This is another one of those opaque concepts that needs to be explored, or updated, or ignored. Understanding it might be out of the question.
The “five elements” are used throughout many oriental disciplines to explain the relationships between different natural phenomena.
In some cases, they can be very useful, at least as mnemonics, analogies, or metaphors.
But there are many different theoretical applications of the 5-element concept, and unless you share the same cultural experience or the same synesthesia as the author of such a theory, it may be of little use to you as a learning tool. Nevertheless, as you progresses in the study of tai chi, you are more likely to encounter this concept, and its many different applications.
Ultimately, the 5-element analogy falls apart when it is applied too strictly. The complex relationships between multiple aspects of nature ultimately break down to yin and yang. There is only so far that the 5-element theory can take you.
In tai chi, it is said that one should have the 5 elements in the feet and the 8 trigrams in the hands. On the most basic level, this means that the movement of the body in relation to the ground and to the opponent, is controlled by the legs and not the arms. The arms should be concerned with the shape and integration of the body, while the legs are concerned with advancing, retreating, dodging, entering, and central equilibrium.
Another way to look at it is to consider the legs and feet to be in control of the six degrees of freedom. The legs control the movement of the body in three dimensional space, while the arms and upper body have little if any involvement in anything other than adapting the shape of the body.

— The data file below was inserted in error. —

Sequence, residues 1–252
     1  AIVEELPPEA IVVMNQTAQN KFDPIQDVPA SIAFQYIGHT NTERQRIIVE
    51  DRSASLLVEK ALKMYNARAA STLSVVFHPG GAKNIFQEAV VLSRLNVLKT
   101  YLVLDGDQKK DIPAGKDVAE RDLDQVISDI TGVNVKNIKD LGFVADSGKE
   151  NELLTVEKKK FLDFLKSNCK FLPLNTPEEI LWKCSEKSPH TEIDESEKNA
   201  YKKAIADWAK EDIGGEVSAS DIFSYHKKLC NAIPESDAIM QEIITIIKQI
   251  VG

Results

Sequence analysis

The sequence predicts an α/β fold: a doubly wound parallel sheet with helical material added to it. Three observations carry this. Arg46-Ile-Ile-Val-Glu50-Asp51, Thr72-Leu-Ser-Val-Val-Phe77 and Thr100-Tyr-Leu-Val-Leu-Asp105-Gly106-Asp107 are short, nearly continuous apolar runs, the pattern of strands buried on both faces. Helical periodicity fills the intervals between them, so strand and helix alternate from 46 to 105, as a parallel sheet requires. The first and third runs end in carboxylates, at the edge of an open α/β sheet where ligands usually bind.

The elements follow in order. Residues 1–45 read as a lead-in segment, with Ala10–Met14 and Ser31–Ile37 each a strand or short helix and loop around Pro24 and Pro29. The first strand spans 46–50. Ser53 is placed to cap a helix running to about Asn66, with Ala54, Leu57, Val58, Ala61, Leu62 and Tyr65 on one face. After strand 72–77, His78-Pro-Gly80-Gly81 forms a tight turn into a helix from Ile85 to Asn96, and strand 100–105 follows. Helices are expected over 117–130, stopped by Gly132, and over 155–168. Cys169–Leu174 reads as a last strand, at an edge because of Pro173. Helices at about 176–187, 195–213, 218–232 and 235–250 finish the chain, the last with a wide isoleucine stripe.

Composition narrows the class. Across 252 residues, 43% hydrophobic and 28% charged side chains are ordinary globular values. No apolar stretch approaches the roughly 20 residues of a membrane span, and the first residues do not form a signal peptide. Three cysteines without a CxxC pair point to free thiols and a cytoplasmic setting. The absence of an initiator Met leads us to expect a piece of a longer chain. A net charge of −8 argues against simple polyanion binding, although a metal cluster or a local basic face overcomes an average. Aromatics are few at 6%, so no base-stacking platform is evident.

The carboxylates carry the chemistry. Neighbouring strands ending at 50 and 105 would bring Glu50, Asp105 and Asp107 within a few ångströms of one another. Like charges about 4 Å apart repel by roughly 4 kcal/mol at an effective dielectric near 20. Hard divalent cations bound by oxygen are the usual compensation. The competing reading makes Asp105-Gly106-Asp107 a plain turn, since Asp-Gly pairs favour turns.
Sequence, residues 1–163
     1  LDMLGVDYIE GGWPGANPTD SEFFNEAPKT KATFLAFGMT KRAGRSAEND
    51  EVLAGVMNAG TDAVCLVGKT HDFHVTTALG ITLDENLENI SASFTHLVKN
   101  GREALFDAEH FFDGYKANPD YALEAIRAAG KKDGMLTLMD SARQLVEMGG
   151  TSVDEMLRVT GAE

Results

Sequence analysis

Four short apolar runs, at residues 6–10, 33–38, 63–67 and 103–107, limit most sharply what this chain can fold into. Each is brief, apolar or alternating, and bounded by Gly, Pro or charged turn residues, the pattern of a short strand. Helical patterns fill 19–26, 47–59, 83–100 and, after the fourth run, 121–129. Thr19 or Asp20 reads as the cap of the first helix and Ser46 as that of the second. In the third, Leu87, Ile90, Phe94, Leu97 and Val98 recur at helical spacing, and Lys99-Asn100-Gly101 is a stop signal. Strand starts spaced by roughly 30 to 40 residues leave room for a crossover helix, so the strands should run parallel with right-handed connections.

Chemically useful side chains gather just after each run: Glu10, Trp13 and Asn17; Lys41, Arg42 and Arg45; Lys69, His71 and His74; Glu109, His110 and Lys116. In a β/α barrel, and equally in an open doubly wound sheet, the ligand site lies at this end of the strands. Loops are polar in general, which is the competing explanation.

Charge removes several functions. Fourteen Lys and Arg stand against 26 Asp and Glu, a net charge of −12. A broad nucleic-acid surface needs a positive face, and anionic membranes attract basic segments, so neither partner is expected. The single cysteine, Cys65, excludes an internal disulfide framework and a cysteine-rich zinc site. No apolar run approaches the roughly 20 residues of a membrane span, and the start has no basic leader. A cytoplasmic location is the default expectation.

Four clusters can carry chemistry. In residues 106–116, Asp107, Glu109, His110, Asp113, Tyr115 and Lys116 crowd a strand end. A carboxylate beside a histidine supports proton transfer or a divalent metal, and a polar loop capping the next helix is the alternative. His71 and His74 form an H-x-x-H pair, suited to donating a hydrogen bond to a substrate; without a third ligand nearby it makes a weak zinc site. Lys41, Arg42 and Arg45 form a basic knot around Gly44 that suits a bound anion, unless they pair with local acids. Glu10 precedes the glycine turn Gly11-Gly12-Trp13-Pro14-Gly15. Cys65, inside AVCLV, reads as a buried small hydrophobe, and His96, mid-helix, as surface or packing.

The legs control:
- heave (moving up and down on the Z axis)
- surge (moving forward and backward on the X axis)
- sway (moving side to side on the Y axis)
- pitch (tilting forward and backward around the Y axis
- yaw (pivoting side to side on the Z axis)
- roll (tilting side to side on the X axis)
Any attempt to control this movement with the upper body and arms will increase the risk of compromising the integrity of the body structure. It will reduce the power, agility, and speed of the body.
There may come a time when a more in-depth analysis of 5-element theory will be useful, or at least comprehensible. But for now, I will leave it at that.
But here is a chart representing the tip of the 5-elements iceberg. https://en.wikipedia.org/wiki/Wuxing_(Chinese_philosophy)